Another study by the same group examined reputation and share value and found that the average drop in stock price on the day the breach is announced is 5%, that companies lost on average 7% of their customers and that 31% of consumers discontinue their relationship with the company following a breach. “There’s no reason to suppose these figures are markedly different when applied to pay TV operators,” says Rik Turner, principal analyst, infrastructure solutions, Ovum.
Other surveys have shown that DDoS attacks are the most common form of attack suffered by media companies of all sizes. A study showed that the cost of such an attack can be US$40,000 per hour. The cost of a full data breach could certainly be far more significant than that in bad publicity, retrospective remediation actions required following a breach and in increased regulatory fines.
With the advent of the EU’s General Data Protection Regulation in 2018 those costs could be driven even higher, because sanctions can include a fine of up to Ä10 million or 2% of a company’s annual worldwide turnover of the preceding financial year, whichever is greater – far exceeding the current maximum of £500,000 (e545,000).
Norbert Schirmer, VP, business unit end-point security, Rohde & Schwarz Cybersecurity, likens the scale of cybercrime to that of the global drug trade.
According to the report Secure My Site, over half of media IT execs lose sleep worrying about cyber-attacks. Nearly a third admit to experiencing an attack. And while 61% of CEOs admit concern about cyber security less than half of board members request information about their organisation’s state of cyber-readiness, reports PwC.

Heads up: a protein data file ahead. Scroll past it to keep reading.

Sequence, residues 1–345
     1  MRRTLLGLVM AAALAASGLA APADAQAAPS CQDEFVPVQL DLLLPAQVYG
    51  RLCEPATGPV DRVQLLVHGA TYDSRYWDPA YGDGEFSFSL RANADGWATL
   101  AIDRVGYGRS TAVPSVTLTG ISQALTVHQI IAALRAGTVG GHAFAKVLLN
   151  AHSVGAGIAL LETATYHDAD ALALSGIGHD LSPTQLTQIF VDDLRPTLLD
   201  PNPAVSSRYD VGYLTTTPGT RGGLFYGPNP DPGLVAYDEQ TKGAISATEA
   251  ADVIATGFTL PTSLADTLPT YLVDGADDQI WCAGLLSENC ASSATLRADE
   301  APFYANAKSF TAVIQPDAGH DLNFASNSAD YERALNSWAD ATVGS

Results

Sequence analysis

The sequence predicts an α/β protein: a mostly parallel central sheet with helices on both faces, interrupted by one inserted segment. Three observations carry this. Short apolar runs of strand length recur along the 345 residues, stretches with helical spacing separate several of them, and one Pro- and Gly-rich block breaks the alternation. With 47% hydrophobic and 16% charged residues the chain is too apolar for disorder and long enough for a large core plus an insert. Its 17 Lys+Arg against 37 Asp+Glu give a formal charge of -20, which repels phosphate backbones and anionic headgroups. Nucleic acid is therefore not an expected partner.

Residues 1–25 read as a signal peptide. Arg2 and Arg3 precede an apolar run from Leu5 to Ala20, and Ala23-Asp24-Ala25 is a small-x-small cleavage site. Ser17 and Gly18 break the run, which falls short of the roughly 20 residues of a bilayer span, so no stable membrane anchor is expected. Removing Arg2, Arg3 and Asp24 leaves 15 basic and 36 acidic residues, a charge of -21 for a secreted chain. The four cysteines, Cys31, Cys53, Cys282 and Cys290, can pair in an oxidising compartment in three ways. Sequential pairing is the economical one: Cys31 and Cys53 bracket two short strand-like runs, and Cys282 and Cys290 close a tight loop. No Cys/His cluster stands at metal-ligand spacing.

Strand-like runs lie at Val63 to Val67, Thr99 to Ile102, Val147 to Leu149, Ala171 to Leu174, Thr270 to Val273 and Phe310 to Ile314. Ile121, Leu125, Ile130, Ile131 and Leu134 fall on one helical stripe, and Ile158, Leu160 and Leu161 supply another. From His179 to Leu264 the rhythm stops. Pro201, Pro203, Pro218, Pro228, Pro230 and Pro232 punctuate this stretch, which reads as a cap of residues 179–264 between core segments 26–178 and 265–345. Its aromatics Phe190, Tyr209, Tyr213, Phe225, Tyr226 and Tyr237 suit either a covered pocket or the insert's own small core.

“There’s no question that cybersecurity is now at the top of board agendas,” says Mark Harrison, managing director, Digital Production Partnership (DPP). “There is a lot of anxiety about how you achieve it.”
A collection of CEOs and CTOs will convene behind closed doors at IBC to thrash out cybersecurity concerns. “If there is one lesson all companies should [understand] it’s that cybercrime is not an IT problem,” says PwC partner Kris McConkey.
There is of course no silver bullet.
“No matter what a security vendor will tell you, there is no single piece of software or managed security service that will guarantee and disarm a cyber criminal from breaching your systems,” says Elvidge. “Whether you’re a content owner or SVOD provider, security is a matter of baking security into your corporate culture, along with continually testing and ensuring systems are up to date.”
Broadcasters and pay TV operators “should look strategically across their entire business and devise multi-layered defences that will protect their assets” suggests McKeay. “Particularly when it comes to applications and services – for both internal use and external websites and OTT apps – their data centres and their DNS. Since hackers and malicious users now use many attack vectors – media companies need to be prepared on all fronts.”
He says many organisations have historically viewed security as something to be tacked on at the end of the process – something that is simply icing on the cake, and often more bother than it’s worth.
“This was an acceptable stance to take a decade ago, particularly when targeted attacks were rare and the losses from most attacks were minimal and easily forgotten. But modern attackers are taking a more strategic approach – they’re targeting specific companies, their users and the valuable data they hold,” he says.